"I think the inability to cook really makes an Irish comic. All joking aside, I believe the irish do have an innate sense of comic timing. In my house, as I mentioned, all we did was joke around. So I think that it's because the Irish have had such a tough time that they have to rely on humor that makes us so funny," he added. "We go to a pub before the show, we go to a pub after the show and then we go to confession."
McCarthy’s favorite Irish comic is Illinois-born/TV personality Tommy Johnigan. "He’s fantastic right now. And one of my favorite classic routines is the Irish take on Abbot and Costello's old ‘who's on first.’ It’s the Irish version, of course, called ‘who passes out first.’"
"I develop most of my material by hanging out with these bozos. I usually work my stuff out on stage. My significant other is my biggest critic. Her biggest critique is when are you getting a real job?" said McCarthy.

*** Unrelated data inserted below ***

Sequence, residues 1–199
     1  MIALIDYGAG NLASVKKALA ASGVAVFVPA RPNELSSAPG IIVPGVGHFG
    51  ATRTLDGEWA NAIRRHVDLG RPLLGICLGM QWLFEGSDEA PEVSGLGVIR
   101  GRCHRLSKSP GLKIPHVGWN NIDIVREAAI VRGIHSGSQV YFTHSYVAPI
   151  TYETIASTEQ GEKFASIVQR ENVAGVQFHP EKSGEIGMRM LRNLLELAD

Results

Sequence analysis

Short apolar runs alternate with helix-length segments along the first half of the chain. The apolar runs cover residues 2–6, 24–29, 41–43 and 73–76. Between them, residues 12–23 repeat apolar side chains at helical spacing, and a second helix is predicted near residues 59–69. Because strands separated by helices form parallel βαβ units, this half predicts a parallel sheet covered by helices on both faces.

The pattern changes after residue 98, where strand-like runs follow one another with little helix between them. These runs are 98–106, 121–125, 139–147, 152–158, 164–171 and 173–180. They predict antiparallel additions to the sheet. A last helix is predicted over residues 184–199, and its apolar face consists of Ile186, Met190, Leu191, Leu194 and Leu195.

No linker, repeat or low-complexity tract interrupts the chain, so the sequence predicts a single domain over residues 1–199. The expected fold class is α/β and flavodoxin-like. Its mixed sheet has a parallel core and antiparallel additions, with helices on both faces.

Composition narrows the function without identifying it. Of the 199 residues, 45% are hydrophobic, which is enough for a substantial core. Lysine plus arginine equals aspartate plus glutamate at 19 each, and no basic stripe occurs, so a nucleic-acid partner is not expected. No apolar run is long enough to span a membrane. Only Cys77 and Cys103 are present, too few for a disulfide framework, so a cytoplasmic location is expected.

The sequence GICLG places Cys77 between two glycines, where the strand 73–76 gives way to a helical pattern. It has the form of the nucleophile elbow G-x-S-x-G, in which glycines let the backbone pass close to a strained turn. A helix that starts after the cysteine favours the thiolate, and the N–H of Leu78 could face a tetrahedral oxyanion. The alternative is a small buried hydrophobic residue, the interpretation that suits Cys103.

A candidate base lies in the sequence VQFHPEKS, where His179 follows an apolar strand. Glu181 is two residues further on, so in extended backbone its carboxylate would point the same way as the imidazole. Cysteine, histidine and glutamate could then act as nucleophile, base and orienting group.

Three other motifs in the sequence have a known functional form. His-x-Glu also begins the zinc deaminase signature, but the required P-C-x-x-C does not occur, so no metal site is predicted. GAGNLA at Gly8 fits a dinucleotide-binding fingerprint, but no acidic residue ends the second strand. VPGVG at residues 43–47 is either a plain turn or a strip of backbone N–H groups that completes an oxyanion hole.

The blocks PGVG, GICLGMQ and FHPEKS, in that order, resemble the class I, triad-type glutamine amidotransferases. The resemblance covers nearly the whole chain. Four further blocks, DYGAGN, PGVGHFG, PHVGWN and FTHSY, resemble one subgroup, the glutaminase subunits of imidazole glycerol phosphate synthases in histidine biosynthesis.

For him, the comedy show is absolutely universal, one that anyone from
any culture can enjoy. "I think a really good audience is comprised of
people who come out to have a good time, check their problems and inhibitions
at the door. Also it helps if they consume copious amounts of alcoholic
beverages," he pointed out.
Irish-born singer/guitarist Derrick Keane started performing 35 years ago at pubs and clubs around Ireland and England. Coming from a large family in Inchicore, a Dublin suburb, he got most of his material from them. His career choice was supported by his parents and his dad became his manager. "My favorite comics have been Brendan Grace and Billy Connolly. Both are great story tellers," Keane related.
He and Derek Richards hooked up after Richards placed an ad on Craigslist looking for an Irish musician. They have subsequently performed together for about five years.
"We don't really rehearse it just comes naturally. Naturally we try to upstage each other all the time. That’s what keeps us on our toes," he said, adding that he didn’t consider him self a comic but of more of an emcee/musician. Their routines "come naturally and I take advice from the other three gobshites," he indicated.
After a show, Keane enjoys a few drinks with the rest of the troupe and he likes visiting tourist attractions in whatever city they are performing.
For him, the more diverse the crowd, the better. Even after weeks of
touring, "we get along great and always have great fun," he emphasized.